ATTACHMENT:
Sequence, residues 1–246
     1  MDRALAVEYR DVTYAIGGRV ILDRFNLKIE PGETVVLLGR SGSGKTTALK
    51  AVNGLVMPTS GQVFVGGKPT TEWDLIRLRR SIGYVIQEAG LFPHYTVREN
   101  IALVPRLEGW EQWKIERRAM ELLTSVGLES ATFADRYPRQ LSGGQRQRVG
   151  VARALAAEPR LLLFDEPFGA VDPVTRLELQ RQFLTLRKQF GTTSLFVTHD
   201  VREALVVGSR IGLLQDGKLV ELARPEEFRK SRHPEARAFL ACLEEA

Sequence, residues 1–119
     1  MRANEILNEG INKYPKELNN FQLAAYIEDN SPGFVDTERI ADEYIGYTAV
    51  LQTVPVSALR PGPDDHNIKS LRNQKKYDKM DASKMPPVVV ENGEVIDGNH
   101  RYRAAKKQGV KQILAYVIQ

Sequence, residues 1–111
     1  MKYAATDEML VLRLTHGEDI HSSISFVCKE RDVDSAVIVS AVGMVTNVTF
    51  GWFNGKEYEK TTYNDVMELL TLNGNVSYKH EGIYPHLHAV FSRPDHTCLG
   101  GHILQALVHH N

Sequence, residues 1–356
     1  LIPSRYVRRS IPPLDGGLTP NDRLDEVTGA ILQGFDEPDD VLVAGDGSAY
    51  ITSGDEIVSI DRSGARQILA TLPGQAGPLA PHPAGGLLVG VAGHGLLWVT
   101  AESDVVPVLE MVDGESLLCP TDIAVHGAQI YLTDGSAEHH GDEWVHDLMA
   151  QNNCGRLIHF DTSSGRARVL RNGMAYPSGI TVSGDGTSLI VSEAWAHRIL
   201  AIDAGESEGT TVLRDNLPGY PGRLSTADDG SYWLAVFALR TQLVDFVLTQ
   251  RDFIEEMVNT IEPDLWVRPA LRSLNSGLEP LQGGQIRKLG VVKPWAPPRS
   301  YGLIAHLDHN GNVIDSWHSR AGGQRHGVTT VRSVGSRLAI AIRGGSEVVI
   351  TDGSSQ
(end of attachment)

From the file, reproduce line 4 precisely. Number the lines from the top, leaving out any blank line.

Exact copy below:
   101  IALVPRLEGW EQWKIERRAM ELLTSVGLES ATFADRYPRQ LSGGQRQRVG